Northern Virginia Planting Guidelines

Planting is reflective of the overall roadway. Traffic requirements, safety, natural features, environmental circumstances, and maintenance should be considered in the development of each design.

Planting may achieve a special purpose or function along the road.

 

  • Help provide safe and multi-use roadsides.
  • Water quality preservation protection and improvement.
  • Wetland and sensitive area protection.
  • Habitat protection and connectivity.
  • Erosion and sedimentation control and stormwater management.
  • Planting for traffic indication - i.e., bridge approaches, entrance and exit areas, change in horizontal alignment.
  • Planting to promote a positive quality of life for the community and the user.
  • Planting to improve long range maintenance operations.
  • Planting to improve the aesthetics of the area, and mitigate any negative impacts of transportation projects.

 

 

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Safety conditions influence plant location

 

Sight Distance is the distance at a given speed required for perception, reaction and braking time. Objects that would obstruct the driver’s sight, such as tall shrubs, and groundcovers, trees, light poles etc. may not be placed inside the sight triangle. Sight distance must be considered for signs, and for vehicles at intersections, signalized intersections, and entrance ramps, exit ramps and crossovers. It is also considered for vehicles moving through horizontal curves. Sight distance is always measured as a
straight line from the driver’s eye of the approaching vehicle to the fixed object, sign or to the driver’s eye of the stopped vehicle.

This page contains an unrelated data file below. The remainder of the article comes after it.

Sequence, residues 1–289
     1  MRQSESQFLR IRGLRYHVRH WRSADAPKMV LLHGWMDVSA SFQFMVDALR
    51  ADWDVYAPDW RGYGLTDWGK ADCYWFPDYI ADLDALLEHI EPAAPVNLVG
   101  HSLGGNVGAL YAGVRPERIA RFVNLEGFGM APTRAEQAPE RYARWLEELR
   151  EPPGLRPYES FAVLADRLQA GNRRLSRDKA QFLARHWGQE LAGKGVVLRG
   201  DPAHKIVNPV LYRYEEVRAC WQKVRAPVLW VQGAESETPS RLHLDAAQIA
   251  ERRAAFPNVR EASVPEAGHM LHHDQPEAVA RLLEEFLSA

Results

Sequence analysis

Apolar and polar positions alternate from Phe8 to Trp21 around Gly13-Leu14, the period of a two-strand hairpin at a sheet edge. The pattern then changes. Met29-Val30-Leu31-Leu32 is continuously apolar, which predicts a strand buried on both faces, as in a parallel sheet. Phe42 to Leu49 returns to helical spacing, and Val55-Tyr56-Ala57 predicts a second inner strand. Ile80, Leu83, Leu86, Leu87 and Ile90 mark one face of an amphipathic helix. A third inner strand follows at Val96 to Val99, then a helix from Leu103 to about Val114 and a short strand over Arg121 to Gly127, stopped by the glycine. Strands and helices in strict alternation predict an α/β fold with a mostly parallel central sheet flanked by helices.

The link below will take you to the VDOT Road Design Manual, Appendix C. On Page C28 are table that give you the minimum sight distance based on the travel speed the road is designed to accommodate, generally five to ten miles per hour over the posted speed limit.
Road Design Manual Sight Distance

The link below will take you to the Florida Department of Transportation Sight Distance Diagrams. These diagrams illustrate the sight distance lines for various types of roads (please ignore the references to palm trees). This web site will have sight distance diagrams for Virginia soon.
Florida Sight Distance Diagrams

The Clear zone is a traversable recovery area for errant vehicles provided beyond the edge of the traveled way (edge of mainline pavement). The clear zone must be kept clear of fixed obstacles and must be considered for the entire length of the project.

The clear zone’s width is determined by design speed, traffic volume and embankment slope.

The clear zone must be free of fixed obstacles such as unyielding sign and utility poles, structures and major trees. Major trees are trees with a mature caliper size of four inches or more. They are classified as a fixed object. This type of tree is not allowed in the clear zone. Trees and landscape materials less than four inches in caliper at maturity may be placed within the clear zone where sight lines permit. Caution should be taken when selecting plant materials for these areas. The designer must understand the mature sizes and habits of the plant materials.

The link below will take you to the VDOT Road Design Manual, Appendix A. Section A-2 contains tables that give you the minimum clear zone, based on the type and steepness of the roadside, and the travel speed the road is designed to accommodate, generally five to ten miles per hour over the posted speed limit.
Road Design Manual Clear Zone

The following is a link to the North Carolina Planting Guidelines Section for Clear Zone. The diagrams and information can help you determine the 'clear zone' for the roadside plantings you propose. This web site will have clear zone diagrams for Virginia's roadways soon.
North Carolina DOT Clear Zone Planting Guidelines